Although the project is new for now, Appel said he hopes to form a task force that would represent all of Midwood’s major racial, religious and ethnic communities. But the one area in which he may have trouble achieving consensus is over the positions he takes on various political issues, including his opposition to “stop and frisk” police tactics and his support of vouchers to attend private and parochial schools — both heated issues in the community.
One elected leader who spoke at the open house, but wished to remain anonymous while talking about the subject to The Jewish Week, said most of the kids in his district attend public schools and, for that reason, would oppose anything that might siphon money away from public education.
David Pollock, associate executive director of the JCRC, said his own organization, representing a cross-section of the Jewish community, takes no stand on tuition tax credits because there’s no consensus on the issue among Jewish groups.
Meanwhile, Appel and Angelucci hope to partner with other organizations, including the JCRC, that already work in the area of intergroup relations.
The JCRC, for instance, is behind the We Are All Brooklyn Coalition, which sponsors a leadership-training fellowship for teens and organizes training forums on issues of concern to the community, Kaplan said. He added that the fellowship program now has more than 200 alumni, including some in influential positions, and they represent a “great resource” for efforts like The Bridge.
New community center in Midwood seeks to connect different racial groups
Mark Meyer Appel raised $300,000 in private funds to repair the 6,000 square-foot brick building he has long owned on 1894 Flatbush Ave. Its renovated first floor open studio space, which can fit up to 300 people, will be lent out free of charge to nonprofits and art groups to host events.
This Brooklyn Bridge is a different type of connector.
A top advocate for Jewish victims of childhood sexual abuse is set to open The Bridge Project, a multicultural community center designed to host empowering talks about social justice issues. If we work together, we can do better and have a stronger voice,”said MARK MEYER APPEL, who raised $300,000 in private funds to convert and repair the 6,000-square-foot brick building he has long owned in Midwood.
The new interactive facility on Flatbush Ave., set to open Sunday, will also house local meetings and events meant to unify the neighborhood.
And its location is symbolic. It borders large, separate Hasidic and Haitian neighborhoods.
Appel hopes the center will unite the two racial groups and many others in the borough, including Muslims.
“We, as advocates, have been able to effectively send a message and begin major changes in the way the government deals with child abuse, special education and health initiatives for the community,” he said.
“The way these things were accomplished was by bringing diverse communities together.”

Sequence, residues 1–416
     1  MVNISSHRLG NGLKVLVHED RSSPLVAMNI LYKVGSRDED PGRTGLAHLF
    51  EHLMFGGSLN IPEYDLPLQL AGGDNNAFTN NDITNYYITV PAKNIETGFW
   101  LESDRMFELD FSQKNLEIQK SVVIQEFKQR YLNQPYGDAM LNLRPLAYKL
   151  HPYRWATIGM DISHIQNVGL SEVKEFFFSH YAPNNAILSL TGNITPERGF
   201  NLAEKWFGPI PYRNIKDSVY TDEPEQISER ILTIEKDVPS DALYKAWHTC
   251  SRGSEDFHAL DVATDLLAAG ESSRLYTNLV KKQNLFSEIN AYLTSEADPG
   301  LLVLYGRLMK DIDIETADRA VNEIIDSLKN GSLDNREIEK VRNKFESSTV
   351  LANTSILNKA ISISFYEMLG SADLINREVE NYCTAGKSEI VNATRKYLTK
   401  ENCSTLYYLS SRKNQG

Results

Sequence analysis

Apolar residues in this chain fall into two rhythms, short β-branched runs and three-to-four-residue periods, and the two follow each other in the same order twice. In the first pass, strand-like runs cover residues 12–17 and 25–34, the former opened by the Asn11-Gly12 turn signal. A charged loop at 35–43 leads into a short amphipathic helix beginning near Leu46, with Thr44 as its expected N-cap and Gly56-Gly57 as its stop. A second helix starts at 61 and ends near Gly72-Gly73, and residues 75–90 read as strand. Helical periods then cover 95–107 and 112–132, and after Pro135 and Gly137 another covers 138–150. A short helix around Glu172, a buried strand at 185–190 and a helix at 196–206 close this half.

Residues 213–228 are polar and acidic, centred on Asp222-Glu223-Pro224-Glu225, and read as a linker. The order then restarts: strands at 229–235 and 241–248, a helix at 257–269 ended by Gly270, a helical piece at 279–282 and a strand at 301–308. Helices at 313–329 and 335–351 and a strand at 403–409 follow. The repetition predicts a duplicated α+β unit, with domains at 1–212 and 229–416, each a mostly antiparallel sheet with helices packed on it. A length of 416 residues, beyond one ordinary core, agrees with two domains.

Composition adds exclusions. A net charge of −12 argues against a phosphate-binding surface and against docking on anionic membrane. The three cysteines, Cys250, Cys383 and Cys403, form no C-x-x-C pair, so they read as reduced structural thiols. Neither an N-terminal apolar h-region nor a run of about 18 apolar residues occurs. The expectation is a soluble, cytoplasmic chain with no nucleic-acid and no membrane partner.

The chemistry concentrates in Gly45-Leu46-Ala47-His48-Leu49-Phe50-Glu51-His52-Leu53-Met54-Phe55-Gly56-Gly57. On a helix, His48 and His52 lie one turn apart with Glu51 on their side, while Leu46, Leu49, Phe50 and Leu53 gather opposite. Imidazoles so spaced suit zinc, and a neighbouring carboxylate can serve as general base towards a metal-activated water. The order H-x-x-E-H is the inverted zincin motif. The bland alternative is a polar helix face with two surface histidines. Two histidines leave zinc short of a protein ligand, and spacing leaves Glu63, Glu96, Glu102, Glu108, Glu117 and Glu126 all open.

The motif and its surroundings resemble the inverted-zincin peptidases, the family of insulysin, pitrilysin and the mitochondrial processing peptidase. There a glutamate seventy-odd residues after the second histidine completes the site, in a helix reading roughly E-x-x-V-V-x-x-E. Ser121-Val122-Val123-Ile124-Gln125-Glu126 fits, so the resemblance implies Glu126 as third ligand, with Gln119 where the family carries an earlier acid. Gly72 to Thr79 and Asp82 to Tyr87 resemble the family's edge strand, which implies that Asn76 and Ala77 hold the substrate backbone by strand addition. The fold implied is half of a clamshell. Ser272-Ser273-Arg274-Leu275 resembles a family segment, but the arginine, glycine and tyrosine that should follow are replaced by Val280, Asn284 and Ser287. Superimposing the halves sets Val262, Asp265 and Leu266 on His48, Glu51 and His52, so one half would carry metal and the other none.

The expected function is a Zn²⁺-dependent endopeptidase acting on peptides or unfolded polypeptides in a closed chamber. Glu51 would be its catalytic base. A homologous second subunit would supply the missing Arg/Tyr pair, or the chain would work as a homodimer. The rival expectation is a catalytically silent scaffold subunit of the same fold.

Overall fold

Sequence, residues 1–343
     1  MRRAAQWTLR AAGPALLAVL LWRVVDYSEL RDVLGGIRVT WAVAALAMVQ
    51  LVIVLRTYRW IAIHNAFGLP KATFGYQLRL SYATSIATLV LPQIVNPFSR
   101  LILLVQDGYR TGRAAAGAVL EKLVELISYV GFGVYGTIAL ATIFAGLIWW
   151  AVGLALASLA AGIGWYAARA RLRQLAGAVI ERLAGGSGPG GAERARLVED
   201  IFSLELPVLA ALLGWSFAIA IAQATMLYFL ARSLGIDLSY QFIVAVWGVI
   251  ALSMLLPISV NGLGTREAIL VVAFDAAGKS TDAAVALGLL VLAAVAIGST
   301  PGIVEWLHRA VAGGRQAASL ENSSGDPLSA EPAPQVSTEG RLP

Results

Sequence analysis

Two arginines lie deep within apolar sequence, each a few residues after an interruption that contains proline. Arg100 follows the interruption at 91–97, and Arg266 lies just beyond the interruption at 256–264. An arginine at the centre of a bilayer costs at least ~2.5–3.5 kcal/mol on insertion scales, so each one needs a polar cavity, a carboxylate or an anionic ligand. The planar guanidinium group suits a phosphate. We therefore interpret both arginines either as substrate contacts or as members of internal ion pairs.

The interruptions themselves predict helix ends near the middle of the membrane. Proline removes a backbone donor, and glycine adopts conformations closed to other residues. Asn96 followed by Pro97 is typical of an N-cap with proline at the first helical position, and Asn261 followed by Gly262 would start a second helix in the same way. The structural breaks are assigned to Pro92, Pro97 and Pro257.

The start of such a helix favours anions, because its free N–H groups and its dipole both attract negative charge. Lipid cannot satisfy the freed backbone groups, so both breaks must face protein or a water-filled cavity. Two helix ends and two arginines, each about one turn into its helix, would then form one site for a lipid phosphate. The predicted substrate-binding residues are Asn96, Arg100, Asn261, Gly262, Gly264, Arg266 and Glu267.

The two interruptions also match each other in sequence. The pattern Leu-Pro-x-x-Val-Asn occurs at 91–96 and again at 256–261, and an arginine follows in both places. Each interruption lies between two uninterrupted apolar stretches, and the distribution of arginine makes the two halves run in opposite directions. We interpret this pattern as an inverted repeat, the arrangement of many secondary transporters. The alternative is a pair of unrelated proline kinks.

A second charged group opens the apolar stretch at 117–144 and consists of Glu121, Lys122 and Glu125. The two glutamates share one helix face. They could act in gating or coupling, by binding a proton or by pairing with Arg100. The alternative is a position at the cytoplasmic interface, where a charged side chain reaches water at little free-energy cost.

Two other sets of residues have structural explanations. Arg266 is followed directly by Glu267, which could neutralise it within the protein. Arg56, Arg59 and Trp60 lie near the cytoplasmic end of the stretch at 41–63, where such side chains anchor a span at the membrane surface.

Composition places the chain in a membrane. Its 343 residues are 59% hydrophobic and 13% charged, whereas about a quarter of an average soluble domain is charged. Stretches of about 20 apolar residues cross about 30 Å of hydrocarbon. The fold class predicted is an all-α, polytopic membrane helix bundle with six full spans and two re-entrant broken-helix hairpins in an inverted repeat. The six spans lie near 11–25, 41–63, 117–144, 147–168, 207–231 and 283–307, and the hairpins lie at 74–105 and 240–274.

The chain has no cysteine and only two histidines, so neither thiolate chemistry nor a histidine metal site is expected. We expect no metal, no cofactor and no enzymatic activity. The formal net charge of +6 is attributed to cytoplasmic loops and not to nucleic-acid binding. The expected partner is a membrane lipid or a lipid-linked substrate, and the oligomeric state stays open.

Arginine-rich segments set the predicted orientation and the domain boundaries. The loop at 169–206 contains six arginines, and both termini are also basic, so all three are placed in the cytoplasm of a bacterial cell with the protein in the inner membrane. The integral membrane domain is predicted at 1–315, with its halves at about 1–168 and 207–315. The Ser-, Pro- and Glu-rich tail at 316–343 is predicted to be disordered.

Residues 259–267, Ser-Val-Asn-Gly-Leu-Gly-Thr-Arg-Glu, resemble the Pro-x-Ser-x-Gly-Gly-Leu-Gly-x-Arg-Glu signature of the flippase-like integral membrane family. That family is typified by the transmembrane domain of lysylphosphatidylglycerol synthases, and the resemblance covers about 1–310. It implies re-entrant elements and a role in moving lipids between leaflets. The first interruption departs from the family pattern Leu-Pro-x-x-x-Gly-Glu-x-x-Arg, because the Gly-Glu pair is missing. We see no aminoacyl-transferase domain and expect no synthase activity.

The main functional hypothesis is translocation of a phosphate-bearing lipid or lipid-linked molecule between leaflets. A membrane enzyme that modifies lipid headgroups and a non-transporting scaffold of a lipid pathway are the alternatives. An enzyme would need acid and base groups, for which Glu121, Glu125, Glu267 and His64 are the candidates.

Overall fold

The building’s renovated first floor of open studio space, which can fit up to 300 people, will be lent out for free to nonprofits and art groups to host events.
Discussion topics to take place at the site include stop-and frisk, special education problems and rising poverty levels. email@example.com
BUILDING MORE TRUST BETWEEN THE POLICE AND THE COMMUNITIES
The recent verdicts of the Ferguson and Garner jury have bought turmoil to our great nation,While we must respect the law and the findings of the grand juries one thing is clear. Policing in the United States needs a major overhaul. Young men of color as well young people of all races face danger when confronted by police officers while driving, walking or just hanging out., Urgent reforms are needed now to ensure the process of fair justice and to protect the lives of innocent persons, and to ensure that police officers deal with fairness in their actions
Need For Reforms
We need changes that provide on going anti bias and increase funding which will provide for continued training on a continued basis and on a annual basis , at the same time.. Texas has used such a system over the past decade to develop personnel expertise while satisfying the interests of specialized interest groups and legislated training mandates. Chiefs, academy directors, and POST commissions can and should provide recommendations regarding line personnel training issues as well as a supervisory curriculum that reflects a step-by-step, progressive education program. There has been considerable discussion in several states regarding “cafeteria”-style training programs. Such programs offer both mandated training topics as well as discretionary training preferences within defined timelines. Both limit impact on staffing and agency training costs. Such a system could provide the framework in which special interest, legislated, and profession-preferred training programs would be limited without adversely affecting basic training academy timelines.
The police and all officers of the justice system must continue rebuilding the trust in our communities thru more outreach and community partnerships which are the key to rebuilding that trust.Issues of proper policing is not a minority problem it is a problem for all of all our diverse communities.
let us begin the process of healing by ensuring that our police and our communities continue to work together to make our city a better and safer place for all of us